Early in her book Susan touches on the inspiration Emily receives wandering deep in the forest when she comes upon a menstrual lodge.  At first sight its sacredness goes unrecognized by Emily who is not privy to the native woman’s mysteries and ceremonies.   As she draws closer and recognizes the universal symbol of a womb painted on the outside she is transfixed by her contact with the omniscient spirit of this place – the feminine aspect of god. 

Susan portrays Emily encountering this important inspiration as follows:

       “After a short walk she saw the roof of the hut above some high bush cranberry.  She listened for any noise, but heard only the croaking of frogs, so she crept around the bushes to study the symbol painted on the wall.  Not quite oval.  More pear-shaped, upside down, outlined in black with concentric bands in red following its inner perimeter.  She sucked in her breath, and teetered a moment in disbelief.  A womb?

       To put that most private thing on a building?  Her sisters would be horrified.  They never even whispered about women’s privacies.”

       Keep in mind that Emily was raised in the stilted world of Victorian convention and that at this time in women’s history, most women were not as free of these conventions as Emily – at least not the white women.

The native women Emily met and lived with as she painted, were just being introduced to spiritual constraints by the male missionaries who had entered their encampments to civilize them.  Formerly the native women had close and meaningful ties to the source of their personal femininity – menses. 

       Emily’s dearest friend Sophie the native mother who bears, and then watches perish, twenty one children, is driven to prostitution by her obsession to “save her babies” by buying headstones for them.  She is convinced of this necessity by the local missionary priest who is actually clueless to the disaster he has caused.

After Sophie’s death from venereal disease, Emily confronts the priest asking how he could let Sophie get such a distorted view of Christianity.  He answers, “Prostitution predated Christianity on these shores.  To them, the only disgrace is when a woman doesn’t get any business.  Human frailty is universal.  Don’t expect so much and you won’t be disappointed.”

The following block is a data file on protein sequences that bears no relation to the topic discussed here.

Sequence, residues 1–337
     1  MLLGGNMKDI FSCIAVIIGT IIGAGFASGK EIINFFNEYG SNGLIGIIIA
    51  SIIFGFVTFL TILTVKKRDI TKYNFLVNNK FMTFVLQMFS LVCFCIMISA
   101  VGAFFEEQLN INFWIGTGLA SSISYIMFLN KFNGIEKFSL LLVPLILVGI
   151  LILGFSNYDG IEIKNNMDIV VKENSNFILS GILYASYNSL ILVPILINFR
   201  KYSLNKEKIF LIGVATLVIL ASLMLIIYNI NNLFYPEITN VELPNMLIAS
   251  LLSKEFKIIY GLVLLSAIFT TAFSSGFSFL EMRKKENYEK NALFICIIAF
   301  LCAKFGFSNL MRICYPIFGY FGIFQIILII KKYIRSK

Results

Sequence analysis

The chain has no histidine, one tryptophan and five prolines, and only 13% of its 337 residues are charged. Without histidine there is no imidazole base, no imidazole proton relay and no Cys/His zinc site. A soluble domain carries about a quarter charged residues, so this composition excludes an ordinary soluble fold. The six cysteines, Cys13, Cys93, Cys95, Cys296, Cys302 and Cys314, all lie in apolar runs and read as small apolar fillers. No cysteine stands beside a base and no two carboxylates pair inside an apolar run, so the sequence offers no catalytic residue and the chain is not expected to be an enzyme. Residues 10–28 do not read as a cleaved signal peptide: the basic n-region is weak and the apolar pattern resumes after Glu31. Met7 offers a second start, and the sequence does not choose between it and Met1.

Emily’s response is, “Your prejudice is speaking, not your Christianity.”  One which shows her strength of character and wisdom, even if it doesn’t reveal the depth of both Sophie, her family’s, and friend’s real live suffering.  Instinctively Emily realized that one so callous and bankrupt of true spirit couldn’t possibly see or care about another human being.  All she could do was throw his own values in his face.  It didn’t change anything but it had to be said.

This paragraph is not the tone of The Forest Lover.  It is an example of the depth of theme that Susan insists on weaving through all the periods of Emily Carr’s life and her journey as an artist.

This book is about a woman who contributed greatly to women’s history.  Emily Carr’s life is an inspiration to us all as we struggle to be true to ourselves and reveal our inner gifts to humanity through our work.  This book is a great guide to women learning about their own talent, as well as for any woman wanting to follow her bliss even if she hasn’t named it yet.

It is a sweet reminder to those of us who know our gifts, to be generous with them, for our own good as well as for the good and guidance of those who follow.

Lynne Haines